The trait in which impacts Othello’s tragic hero status is society had to suffer from what he did once he killed Desdemona. The reason this specific downfall impacted Othello’s tragic hero status, was because everyone that knew him thought that he was kind, noble and not even capable of doing harm to any. For instance when Lodvico was talking to Iago and he states, “Is this the noble Moor whom our full Senate call all in all sufficient? Is this the nature that passion could not shake? Whose solid virtue the shot of accident nor dart chance could neither graze nor pierce?” (4.1.259-264). The way in which Othello fulfills the qualifications of a tragic hero was in the beginning of the play. When Brabanito wants to take Othello to the Duke while he explains how honorable and noble Othello really is. Othello then goes off to encounter his downfall, which is his own fault, due to constant manipulation by Iago.
A tragic hero is a character who commits an action or makes a mistake which eventually leads to their defeat. He/She has heroic qualities but are doomed to face long lasting consequences due to their own character flaw. In Othello, Shakespeare portrays Othello as a tragic hero because he has a noble stature and his "flaw" is that he is credulous which I believe will lead to his downfall. Othello believes people are exactly who they appear to be. Furthermore, since Othello is extremely gullible, Iago is easily able to manipulate him. For example, Iago tells of the Othello "look to your wife, observe her well with Cassio; wear your eyes thus" (3.3.228-229). Iago is putting thoughts into of the Othello's mind by saying that Desdemona is unfaithful.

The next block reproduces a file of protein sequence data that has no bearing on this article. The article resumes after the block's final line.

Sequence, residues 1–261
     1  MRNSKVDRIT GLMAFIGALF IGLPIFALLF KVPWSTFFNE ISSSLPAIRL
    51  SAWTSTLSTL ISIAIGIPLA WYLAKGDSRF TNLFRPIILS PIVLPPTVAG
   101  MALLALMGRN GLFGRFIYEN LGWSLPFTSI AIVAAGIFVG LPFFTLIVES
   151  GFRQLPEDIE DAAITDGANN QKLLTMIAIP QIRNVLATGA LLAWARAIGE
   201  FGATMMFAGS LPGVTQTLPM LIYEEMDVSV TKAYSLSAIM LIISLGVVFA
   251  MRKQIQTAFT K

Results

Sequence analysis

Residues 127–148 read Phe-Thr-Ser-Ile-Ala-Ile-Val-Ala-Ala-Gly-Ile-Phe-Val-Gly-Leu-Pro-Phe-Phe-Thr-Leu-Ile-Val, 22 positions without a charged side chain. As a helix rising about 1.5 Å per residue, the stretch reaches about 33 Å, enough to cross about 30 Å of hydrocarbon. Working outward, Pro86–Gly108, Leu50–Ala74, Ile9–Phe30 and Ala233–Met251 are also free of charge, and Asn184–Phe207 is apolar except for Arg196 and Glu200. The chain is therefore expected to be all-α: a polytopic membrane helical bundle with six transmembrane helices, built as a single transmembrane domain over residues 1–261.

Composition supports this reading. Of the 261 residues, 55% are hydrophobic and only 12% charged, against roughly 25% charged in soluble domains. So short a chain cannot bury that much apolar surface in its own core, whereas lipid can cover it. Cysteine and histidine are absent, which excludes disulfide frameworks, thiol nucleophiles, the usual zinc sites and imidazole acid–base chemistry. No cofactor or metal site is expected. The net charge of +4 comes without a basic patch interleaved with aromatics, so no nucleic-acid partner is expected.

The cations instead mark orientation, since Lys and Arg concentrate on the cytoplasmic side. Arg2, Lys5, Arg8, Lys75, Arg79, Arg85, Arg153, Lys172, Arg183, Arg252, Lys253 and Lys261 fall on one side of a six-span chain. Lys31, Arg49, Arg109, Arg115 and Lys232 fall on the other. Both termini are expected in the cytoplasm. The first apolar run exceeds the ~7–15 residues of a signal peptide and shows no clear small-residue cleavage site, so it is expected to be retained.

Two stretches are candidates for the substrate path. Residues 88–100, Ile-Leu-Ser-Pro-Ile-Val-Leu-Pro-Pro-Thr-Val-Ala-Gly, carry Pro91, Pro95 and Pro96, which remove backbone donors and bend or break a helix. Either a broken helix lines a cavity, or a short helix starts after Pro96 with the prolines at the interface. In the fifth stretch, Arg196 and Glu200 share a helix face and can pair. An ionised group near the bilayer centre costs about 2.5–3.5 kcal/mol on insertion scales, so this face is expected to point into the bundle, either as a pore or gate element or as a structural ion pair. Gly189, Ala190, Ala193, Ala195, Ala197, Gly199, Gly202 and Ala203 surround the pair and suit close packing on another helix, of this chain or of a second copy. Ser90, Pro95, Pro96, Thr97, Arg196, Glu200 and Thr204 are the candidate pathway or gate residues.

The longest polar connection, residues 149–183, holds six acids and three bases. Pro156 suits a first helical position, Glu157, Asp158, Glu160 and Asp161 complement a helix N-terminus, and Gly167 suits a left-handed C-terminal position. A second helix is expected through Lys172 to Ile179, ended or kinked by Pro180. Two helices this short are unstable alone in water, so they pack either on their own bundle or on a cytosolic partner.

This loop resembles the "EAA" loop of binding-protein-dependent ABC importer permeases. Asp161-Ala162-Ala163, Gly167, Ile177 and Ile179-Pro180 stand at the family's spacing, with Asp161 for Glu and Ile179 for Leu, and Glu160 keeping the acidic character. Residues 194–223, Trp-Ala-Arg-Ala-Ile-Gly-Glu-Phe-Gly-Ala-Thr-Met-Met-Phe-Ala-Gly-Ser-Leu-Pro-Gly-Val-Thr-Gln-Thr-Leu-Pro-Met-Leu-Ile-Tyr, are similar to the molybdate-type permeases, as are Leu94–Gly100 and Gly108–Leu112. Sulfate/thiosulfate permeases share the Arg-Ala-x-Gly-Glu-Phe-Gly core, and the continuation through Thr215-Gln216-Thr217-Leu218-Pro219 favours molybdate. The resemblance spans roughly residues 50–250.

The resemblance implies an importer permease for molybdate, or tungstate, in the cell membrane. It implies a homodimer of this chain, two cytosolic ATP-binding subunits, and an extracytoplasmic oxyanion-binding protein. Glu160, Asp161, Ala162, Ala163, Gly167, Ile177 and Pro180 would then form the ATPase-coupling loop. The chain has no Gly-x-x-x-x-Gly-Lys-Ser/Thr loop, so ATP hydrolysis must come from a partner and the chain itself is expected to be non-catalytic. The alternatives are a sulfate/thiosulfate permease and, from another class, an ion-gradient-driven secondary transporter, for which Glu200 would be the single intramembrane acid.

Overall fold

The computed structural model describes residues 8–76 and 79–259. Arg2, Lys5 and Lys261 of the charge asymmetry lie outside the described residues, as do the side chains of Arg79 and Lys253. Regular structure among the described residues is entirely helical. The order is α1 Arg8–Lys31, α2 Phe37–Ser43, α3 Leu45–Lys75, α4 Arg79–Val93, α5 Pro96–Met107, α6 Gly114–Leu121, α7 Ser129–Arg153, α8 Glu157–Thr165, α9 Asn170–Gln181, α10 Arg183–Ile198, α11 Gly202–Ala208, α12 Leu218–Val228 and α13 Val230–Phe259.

When one hears the word tragedy, one can assume that the human emotions are responsible for the collapse of an individual. To the Greek philosopher Aristotle, however, a tragedy is “an imitation of an action of high importance…in language enhanced by distinct and varying beauties…[or] by means of pity and fear effecting its purgation of these emotions” (Kennedy & Gioia, 945). He defined a tragic hero as having three common characteristics: hamartia, or the tragic flaw in the character which coupled with hubris (pride which results in overconfidence) causes his downfall and demise; katharsis, the purgation of the audience’s emotions, which causes the audience to feel “not depressed, but somehow elated”; and anagnorisis, or the recognition of some fact not previously realized by the true identity of the main character (Kennedy & Gioia, 946). Therefore, as defined by Aristotle’s concept of tragedy, William Shakespeare’s Othello could be classified as a tragic hero. Shakespeare’s play includes jealousy and intrigue, which intertwined with pride and suspense create the finest of Aristotelian tragedies. Othello complies with the requirements for a tragic hero as Aristotle began with the premise that the hero must be of “high estate,” as if he were the member of a royal family; however, he yet falls from a hierarchy of power to one of abashment. He has married the daughter of a Venetian nobleman. He starts out well, but his end is one of drama. Moreover, Shakespeare’s plot develops as Othello’s katharsis is revealed through the climax and conclusion of the play, while the anagnorisis with the recognition that Iago was a traitor and Desdemona his innocent victim.